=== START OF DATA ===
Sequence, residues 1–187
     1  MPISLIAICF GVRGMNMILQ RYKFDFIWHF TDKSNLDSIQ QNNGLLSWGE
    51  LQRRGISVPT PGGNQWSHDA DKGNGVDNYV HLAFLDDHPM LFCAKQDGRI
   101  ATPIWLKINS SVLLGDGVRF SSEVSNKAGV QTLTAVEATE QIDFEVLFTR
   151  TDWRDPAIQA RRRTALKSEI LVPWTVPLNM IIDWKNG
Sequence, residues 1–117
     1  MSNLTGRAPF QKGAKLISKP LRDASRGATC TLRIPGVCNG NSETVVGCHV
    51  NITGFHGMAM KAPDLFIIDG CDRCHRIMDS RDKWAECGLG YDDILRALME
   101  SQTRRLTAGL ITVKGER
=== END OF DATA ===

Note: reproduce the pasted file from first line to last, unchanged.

Sequence, residues 1–187
     1  MPISLIAICF GVRGMNMILQ RYKFDFIWHF TDKSNLDSIQ QNNGLLSWGE
    51  LQRRGISVPT PGGNQWSHDA DKGNGVDNYV HLAFLDDHPM LFCAKQDGRI
   101  ATPIWLKINS SVLLGDGVRF SSEVSNKAGV QTLTAVEATE QIDFEVLFTR
   151  TDWRDPAIQA RRRTALKSEI LVPWTVPLNM IIDWKNG
Sequence, residues 1–117
     1  MSNLTGRAPF QKGAKLISKP LRDASRGATC TLRIPGVCNG NSETVVGCHV
    51  NITGFHGMAM KAPDLFIIDG CDRCHRIMDS RDKWAECGLG YDDILRALME
   101  SQTRRLTAGL ITVKGER